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Wayward Sway - On a Broken Machine

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Wayward Sway
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CD Baby

Album Reviews: ?The title of Wayward Sway's new album brings to mind an old record player stuck skipping on a song. On the contrary, On a Broken Machine is far from repetitive and it's 12 tracks play through fluidly. The album kicks off with a slow, introspective, banjo-driven tune called "Western Slough." With vocals hushed à la Iron and Wine and understated ambient instrumentation reminiscent of Pink Floyd, Wayward Sway leans into it's work. Next up is the romping banjo and fiddle tune "Well Lit Places." There's something amiss in the mixing on this track that seems to come and go throughout the disc. Regardless of the technical difficulties, the song itself is one of the strongest on the album, particularly due to the Pogues-like group vocals on the refrain and the sorrowful fiddle solo that follows. "Kara" is a sweet unrequited love song that pines, "I can talk forever and barely make you smile ... Kara, you know it's far too late." In the fiddle section, one can almost detect a nod to "Girl from Ipanema," which may or may not have been intentional. Either way, it's an appreciated, appropriate melodic quote. Another strong moment on the album is the especially melodious "Harbor," which also reveals a bit of a Pogues influence. It's unfortunate that the instruments aren't more balanced in the mix, but the song is strong enough to stand up against that recurring issue. In fact, it's the extensive instrumental breaks that make the song so haunting. So the only instance of repetition turns out to be where Wayward Sway's best skills lie: in it's instrumental solos and highly infectious energy. -Kim Ruehl, Performer Magazine I was treated to the sounds of Wayward Sway at a San Francisco bar in late 2007, a local show featuring a local band. My intrigue was at peak level, due both to preparatory listens of MySpace mp3s and feelings of inspiration after reading the band's eloquent and unique bio: 'They stomp their feet and sing with their hearts. Sometimes they are out of tune. Sometimes they are out of touch. Still they persist. Let them.' With this excerpt, the band manages to sum up the story of every Little Indie Band That Could, demonstrating even before the first listen that Wayward Sway may very well be a cut above the rest. Amongst the bottomless well of bands that emerge seemingly every week with sample packs of mp3s in tow, it is indeed the value of persistence that allows for the building of both musical improvement and integrity, features that make a band worthy of your ears and your respect. With their debut self-release, On a Broken Machine, Wayward Sway boast a collective, intimate feel, revealing experimental folk music woven from elegant layers that continuously reveal skilled and unblemished songwriting at it's core. On a Broken Machine could easily be mistaken for a traditional folk record, as songs like 'Western Slough,' 'Kara, 'Dry & On the Mind,' and 'Kiss the Exorcist' are eponymous in their acoustic textures, nimble banjo, and gentle self-effacing lyrics. However, the more turbulent and less definable qualities that drive songs like 'Well Lit Places,' 'Blackened Ground,' 'Harbor,' and 'Rising River' take the center of the album to more effervescent level, with 'Kiss the Exorcist' closing the album to the tune of the sweet and the forlorn. 'Weak for Fire' serves as an extraordinary center of On a Broken Machine, with it's taut strumming set to rootsy percussion, vocals swirling in a layered frenzy, and the polished violin hook leading the way to the song's emotionally exhilarating apex. The members of Wayward Sway are confident and savvy with their respective roles in the band; the bass, drums, and guitars all solid, the banjo pluckings infectious and detailed, the additions of the mandolin and violin lovely and perfectly balanced. Martin Hirsimaki's vocals, which are tough to swallow at first, go from poetically forceful to hushed and quavering at a moment's notice, the result of which is a textured, vulnerable temperament that brings a new level of likeability to the music's homespun heart. Experiencing Wayward Sway's entire package, I have found that anticipation and intrigue have turned into appreciation and a notable hunger for more. I can only hope that the band's anthem of persistence will continue as such. -Anna Gazdowicz, Treble Magazine Not many rock bands have full-time banjo, mandolin and violin players. Not many rock bands can play credible bluegrass licks. Wayward Sway is one of the few. And this is a rock band. These songs are set in regular rock and roll constructions, even when the arrangements ape bluegrass or other roots sounds. The feel is almost punk, given the manic playing and occasional inattention to small details. Consistency in key or tuning isn't a must. Energy and intensity is. The technical lapses are small, however. The spirit of these songs and performances are what drive this album to greatness. The loose studio sound--not sparse or minimalist, just loose--gives the songs and players room to breathe, which leaves everything sounding impeccably natural. Wayward Sway doesn't fit in any genre. It simply makes great music. I guess these folks will just have to live with that. -Aiding & Abetting 'Wayward Sway's debut full-length album On a Broken Machine,(is) a great mix of folk, country and rock sounds with some great diverse instrumentation and an infectious energy to the songwriting.' -The Bay Bridged Sufjan Stevens, eat your heart out: These folks know how to rock a banjo the way it was meant to be rocked. Mandolin and violin, too. Wayward Sway's bluegrass rock is refreshingly authentic, original, and full of life. - Nate Seltenrich, East Bay Express Wayward Sway songs range from dark, off-kilter campfire sing alongs, to ballads of unrequited love and stomping tunes inspiring nightlife debauchery. Their music entwines folk, country, rock and traditional influences. The delicate balance of instrumentation includes acoustic guitars, banjo, mandolin, dobro, bass, violin, accordions and an occasional electric guitar. These are all held together with the clunking, pounding and crashing of bottles, pots, pans, washboards, gongs, cymbals and drums, which are collectively known as their junk percussion. As Wayward Sway continues to play and sing, they can be found residing in the San Francisco Bay Area. The lines and the songs of the past have come together in the music of Wayward Sway, and their sound is nothing but their own. Acoustic strings, junk percussion, and a chorus of vocals fill the air, while stories of the dispossessed are spun for your dancing pleasure.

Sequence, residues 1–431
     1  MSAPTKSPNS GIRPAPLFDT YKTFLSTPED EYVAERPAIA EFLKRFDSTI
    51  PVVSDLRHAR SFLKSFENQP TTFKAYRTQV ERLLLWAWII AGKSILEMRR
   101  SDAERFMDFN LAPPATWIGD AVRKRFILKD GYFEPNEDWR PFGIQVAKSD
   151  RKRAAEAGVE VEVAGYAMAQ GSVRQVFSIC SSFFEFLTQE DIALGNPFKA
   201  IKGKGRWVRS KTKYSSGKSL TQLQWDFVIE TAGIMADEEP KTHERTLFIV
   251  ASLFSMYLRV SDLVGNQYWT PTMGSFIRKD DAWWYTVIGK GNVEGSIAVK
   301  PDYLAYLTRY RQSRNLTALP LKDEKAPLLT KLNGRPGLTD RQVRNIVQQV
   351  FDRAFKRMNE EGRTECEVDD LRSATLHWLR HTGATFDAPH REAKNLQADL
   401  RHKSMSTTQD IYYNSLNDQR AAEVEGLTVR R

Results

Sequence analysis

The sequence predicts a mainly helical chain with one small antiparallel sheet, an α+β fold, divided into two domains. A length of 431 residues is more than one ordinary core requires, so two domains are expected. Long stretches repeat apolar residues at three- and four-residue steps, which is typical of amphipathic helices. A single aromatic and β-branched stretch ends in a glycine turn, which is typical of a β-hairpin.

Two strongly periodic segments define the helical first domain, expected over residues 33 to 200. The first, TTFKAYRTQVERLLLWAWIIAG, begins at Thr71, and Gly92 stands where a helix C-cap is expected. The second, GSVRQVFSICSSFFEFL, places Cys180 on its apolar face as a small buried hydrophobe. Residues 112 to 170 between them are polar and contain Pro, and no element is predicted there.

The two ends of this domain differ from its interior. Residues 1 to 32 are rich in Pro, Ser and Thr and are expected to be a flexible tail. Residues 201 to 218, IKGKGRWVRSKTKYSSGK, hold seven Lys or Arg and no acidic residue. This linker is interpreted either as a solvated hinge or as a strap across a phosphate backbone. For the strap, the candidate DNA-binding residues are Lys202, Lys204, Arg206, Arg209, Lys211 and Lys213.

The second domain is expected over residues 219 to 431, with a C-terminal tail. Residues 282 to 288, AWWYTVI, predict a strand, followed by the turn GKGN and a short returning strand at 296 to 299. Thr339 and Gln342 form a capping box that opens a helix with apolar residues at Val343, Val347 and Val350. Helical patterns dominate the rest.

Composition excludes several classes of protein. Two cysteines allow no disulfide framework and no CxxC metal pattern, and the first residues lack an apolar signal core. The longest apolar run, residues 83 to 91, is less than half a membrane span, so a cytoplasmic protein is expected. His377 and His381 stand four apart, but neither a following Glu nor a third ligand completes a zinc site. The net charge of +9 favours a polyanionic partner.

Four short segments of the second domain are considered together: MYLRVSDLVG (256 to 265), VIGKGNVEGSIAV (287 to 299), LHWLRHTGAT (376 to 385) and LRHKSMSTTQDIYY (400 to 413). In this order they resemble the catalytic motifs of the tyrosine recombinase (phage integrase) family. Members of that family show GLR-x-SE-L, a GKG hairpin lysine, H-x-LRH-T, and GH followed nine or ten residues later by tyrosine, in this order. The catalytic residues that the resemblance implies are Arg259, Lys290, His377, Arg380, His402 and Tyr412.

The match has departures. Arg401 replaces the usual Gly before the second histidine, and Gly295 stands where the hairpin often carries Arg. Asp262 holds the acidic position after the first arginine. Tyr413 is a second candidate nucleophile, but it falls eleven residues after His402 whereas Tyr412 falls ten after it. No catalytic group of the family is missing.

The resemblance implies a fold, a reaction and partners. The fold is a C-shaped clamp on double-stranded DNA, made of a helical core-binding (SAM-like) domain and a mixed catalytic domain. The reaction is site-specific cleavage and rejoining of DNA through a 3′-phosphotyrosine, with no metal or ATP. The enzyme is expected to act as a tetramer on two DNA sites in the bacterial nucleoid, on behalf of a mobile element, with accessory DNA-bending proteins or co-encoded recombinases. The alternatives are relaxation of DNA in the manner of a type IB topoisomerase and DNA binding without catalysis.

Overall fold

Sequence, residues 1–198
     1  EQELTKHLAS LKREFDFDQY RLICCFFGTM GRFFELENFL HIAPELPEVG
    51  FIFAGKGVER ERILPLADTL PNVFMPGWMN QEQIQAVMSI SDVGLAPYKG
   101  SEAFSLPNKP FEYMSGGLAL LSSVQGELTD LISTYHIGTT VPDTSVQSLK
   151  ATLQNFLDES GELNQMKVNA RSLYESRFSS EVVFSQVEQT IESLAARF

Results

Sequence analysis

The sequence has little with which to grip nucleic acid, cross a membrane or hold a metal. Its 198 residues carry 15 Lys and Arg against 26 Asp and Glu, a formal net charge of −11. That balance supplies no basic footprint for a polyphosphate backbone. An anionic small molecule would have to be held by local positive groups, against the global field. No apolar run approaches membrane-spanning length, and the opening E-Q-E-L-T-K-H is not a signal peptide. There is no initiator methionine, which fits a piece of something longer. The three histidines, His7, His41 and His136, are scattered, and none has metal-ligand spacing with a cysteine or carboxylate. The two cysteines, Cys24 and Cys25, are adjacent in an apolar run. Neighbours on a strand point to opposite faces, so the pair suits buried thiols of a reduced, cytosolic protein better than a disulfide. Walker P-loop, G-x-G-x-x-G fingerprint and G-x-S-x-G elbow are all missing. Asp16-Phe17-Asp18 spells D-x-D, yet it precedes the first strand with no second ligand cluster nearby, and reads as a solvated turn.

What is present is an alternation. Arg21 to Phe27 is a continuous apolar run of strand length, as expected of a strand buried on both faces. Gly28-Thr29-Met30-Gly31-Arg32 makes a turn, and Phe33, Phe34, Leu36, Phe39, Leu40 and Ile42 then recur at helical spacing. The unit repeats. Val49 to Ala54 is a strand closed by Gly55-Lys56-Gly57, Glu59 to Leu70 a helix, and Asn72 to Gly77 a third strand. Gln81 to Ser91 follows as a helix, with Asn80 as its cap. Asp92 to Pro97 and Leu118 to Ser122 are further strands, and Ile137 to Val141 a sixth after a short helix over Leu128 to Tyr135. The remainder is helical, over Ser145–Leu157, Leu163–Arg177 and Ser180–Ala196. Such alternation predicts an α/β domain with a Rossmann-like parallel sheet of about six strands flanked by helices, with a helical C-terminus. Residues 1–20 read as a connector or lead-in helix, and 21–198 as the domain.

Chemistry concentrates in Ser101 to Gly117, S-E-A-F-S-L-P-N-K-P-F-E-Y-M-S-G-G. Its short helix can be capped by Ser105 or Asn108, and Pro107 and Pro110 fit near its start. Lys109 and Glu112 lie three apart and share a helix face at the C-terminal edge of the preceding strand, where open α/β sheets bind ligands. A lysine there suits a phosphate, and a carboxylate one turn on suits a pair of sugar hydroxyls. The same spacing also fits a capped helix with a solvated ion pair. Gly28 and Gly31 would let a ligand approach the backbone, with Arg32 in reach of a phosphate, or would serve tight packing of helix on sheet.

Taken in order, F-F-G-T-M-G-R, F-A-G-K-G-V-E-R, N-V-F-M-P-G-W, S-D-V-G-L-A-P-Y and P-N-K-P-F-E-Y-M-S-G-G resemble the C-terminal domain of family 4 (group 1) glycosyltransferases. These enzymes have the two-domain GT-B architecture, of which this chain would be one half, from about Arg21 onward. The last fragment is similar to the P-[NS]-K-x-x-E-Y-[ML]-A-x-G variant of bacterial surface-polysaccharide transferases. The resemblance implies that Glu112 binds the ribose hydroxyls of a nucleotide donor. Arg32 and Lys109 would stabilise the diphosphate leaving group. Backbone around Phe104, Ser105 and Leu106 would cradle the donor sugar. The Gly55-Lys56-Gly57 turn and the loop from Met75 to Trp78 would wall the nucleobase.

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Wayward Sway - On a Broken Machine.

1) Western Slough
2) Well Lit Places
3) Blackened Ground
4) Kara
5) Underset
6) Harbor
7) New Chalk
8) Seasick ; Reeling
9) Weak for Fire
10) Dry ; on the Mend
11) Rising River
12) Kiss the Exorcist

On a Broken Machine
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On a Broken Machine | Wayward Sway